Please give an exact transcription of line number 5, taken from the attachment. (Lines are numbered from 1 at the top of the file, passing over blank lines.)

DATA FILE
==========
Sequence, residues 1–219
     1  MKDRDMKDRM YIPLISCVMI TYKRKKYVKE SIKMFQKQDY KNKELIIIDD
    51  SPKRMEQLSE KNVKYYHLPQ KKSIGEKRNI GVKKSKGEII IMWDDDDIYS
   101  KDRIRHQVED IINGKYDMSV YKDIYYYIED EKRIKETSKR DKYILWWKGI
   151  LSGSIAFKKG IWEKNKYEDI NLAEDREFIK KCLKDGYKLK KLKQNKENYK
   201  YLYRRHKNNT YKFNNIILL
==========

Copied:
   151  LSGSIAFKKG IWEKNKYEDI NLAEDREFIK KCLKDGYKLK KLKQNKENYK